Backing up the 6 Series GT’s better looks, spacious and cushy interior and impressive infotainment are much better driving dynamics. Where the 5 Series GT felt clumsy through bends and crashed over bumps, the 6 is tighter and deals with road imperfections in a more buttoned-up way. The combination of Sport mode for a firmer adaptive damper, air suspension, steering settings and 19-inch Pirelli P Zero tires (US-bound cars will come on all-season or mixed performance tires) hustles the 6 GT through winding roads in a respectable manner for a 4,409-pound vehicle. Entering a corner reveals strong brake performance, sharp turn-in response, controlled body motions and a healthy dose of grip.
My one complaint about Sport mode is that steering weight is too heavy, making it feel like you are wrestling the 6 GT around turns.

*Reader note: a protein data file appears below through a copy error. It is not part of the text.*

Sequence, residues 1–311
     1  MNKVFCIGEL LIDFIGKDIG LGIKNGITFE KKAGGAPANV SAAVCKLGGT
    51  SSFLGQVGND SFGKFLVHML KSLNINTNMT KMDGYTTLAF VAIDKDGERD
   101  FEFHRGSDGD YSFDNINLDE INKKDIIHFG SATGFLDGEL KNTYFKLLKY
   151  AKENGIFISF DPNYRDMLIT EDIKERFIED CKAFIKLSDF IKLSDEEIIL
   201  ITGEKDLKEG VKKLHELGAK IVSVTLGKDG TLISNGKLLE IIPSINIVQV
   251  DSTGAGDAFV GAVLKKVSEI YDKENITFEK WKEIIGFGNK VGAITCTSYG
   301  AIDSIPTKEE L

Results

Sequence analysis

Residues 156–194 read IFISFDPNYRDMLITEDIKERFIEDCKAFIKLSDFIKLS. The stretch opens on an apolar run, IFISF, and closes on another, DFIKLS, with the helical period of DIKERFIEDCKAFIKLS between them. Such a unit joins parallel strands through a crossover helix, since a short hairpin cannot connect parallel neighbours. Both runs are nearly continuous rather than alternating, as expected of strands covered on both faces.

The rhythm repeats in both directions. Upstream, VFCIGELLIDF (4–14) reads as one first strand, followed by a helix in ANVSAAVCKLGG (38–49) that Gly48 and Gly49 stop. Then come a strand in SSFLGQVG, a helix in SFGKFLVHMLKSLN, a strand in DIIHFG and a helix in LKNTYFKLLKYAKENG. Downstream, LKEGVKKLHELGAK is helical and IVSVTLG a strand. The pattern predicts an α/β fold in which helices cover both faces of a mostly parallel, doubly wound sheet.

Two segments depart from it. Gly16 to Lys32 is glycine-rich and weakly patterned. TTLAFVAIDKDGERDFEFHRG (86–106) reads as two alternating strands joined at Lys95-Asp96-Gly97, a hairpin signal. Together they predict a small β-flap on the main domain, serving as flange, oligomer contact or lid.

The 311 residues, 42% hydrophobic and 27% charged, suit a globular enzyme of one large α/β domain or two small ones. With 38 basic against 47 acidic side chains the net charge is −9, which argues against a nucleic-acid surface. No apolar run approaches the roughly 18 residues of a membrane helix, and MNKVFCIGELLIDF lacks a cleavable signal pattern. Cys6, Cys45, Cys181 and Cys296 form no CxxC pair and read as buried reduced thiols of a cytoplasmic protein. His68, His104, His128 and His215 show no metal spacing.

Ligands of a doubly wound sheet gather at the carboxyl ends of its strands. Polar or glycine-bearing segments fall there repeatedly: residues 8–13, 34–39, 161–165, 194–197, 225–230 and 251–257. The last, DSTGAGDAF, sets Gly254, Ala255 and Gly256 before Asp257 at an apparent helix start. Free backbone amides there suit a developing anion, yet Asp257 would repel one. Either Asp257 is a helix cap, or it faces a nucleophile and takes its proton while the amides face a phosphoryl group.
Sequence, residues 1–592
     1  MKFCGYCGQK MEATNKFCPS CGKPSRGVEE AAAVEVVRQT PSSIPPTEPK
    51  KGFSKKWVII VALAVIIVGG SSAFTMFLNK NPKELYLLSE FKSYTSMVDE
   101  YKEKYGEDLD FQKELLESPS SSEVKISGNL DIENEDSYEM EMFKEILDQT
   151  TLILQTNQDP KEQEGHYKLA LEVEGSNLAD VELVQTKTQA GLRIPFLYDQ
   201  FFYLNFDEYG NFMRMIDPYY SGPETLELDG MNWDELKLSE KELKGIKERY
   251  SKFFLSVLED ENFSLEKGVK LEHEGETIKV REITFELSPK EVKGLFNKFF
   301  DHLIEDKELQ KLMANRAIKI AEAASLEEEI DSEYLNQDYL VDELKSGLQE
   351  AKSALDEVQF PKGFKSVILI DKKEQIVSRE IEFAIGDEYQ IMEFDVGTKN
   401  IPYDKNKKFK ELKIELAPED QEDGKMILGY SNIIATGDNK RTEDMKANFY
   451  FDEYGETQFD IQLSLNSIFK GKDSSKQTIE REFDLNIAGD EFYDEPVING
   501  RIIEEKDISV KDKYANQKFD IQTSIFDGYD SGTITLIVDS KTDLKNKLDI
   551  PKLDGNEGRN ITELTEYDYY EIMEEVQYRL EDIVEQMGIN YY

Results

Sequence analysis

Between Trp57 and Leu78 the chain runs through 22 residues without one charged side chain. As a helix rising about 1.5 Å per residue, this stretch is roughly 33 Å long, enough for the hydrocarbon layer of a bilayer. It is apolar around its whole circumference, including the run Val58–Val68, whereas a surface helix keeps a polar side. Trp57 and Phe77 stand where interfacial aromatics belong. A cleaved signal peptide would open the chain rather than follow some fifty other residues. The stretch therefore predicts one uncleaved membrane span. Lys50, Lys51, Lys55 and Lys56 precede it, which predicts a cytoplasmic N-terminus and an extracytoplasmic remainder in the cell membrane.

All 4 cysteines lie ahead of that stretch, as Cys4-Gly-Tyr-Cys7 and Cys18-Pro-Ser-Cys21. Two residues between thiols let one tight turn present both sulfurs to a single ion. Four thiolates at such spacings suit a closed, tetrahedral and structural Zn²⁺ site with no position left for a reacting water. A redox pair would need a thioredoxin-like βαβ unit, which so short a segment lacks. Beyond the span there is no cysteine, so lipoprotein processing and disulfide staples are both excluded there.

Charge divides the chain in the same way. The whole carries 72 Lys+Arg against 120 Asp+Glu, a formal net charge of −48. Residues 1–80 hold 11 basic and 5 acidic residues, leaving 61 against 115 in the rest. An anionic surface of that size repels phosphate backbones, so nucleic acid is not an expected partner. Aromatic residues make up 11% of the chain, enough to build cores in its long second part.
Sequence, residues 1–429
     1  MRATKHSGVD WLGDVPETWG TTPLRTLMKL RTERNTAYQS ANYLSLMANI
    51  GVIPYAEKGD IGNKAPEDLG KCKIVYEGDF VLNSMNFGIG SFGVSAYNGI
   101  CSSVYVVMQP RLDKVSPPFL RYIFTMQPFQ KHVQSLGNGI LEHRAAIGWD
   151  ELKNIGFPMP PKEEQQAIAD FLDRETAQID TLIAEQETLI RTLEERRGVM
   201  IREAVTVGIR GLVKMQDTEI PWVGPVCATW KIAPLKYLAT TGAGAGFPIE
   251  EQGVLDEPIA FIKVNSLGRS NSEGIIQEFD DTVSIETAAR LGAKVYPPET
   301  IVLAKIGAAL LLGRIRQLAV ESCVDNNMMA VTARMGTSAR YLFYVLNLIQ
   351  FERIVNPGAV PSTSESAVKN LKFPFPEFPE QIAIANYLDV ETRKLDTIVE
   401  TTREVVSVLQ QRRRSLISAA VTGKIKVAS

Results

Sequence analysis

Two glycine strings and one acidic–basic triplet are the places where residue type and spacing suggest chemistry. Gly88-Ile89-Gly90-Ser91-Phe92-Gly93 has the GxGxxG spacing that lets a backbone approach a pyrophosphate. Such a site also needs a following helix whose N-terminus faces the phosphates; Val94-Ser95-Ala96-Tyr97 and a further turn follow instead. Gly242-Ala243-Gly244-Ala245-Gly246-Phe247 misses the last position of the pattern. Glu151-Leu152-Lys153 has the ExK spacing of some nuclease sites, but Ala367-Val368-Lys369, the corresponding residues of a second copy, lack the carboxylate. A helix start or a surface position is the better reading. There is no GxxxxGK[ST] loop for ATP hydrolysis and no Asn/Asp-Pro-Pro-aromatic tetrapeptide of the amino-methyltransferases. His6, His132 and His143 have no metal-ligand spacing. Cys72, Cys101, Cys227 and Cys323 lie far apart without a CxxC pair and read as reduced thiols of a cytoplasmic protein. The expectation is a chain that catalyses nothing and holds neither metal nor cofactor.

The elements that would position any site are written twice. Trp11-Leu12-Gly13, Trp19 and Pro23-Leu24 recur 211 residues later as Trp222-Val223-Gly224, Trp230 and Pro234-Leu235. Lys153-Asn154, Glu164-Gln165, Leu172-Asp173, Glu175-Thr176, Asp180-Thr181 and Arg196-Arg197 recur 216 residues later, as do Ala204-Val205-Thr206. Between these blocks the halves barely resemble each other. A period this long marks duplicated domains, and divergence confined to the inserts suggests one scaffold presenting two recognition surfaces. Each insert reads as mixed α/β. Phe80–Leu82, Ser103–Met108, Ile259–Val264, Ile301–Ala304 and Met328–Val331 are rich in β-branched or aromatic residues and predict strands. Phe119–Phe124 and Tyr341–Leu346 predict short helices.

On a straight expressway portion of the drive route, the Comfort detent is ideal for a more forgiving suspension and lighter steering. Active cruise control adjusts velocity in accordance to traffic for relaxed motoring, as the well-isolated interior takes center stage. Thanks to higher soundproofing efforts in the roof, doors and rear seatbacks, the cabin is quiet enough to make me nod off in the passenger seat briefly. Admittedly, jet lag could have contributed to my trip to sleepy town, but the cabin is indeed nearly silent at high speeds.
Unlike the 5 GT, which was available with two engine options, including a 445-horsepower 4.4-liter turbocharged V8, the 6 GT will only be offered as the 640i xDrive with a 3.0-liter turbocharged inline six-cylinder packing 335 horsepower and 332 pound-feet of torque. Power goes to all four wheels through an eight-speed automatic transmission.
The car merges quickly onto expressways and performs passing maneuvers with ease, showing no signs of turbo lag. The meaty power band is quantified by peak torque being available between 1,380 and 5,200 rpm. The transmission is a slick operator for up- and downshifts, while the manual shift mode is excellent for a torque converter automatic.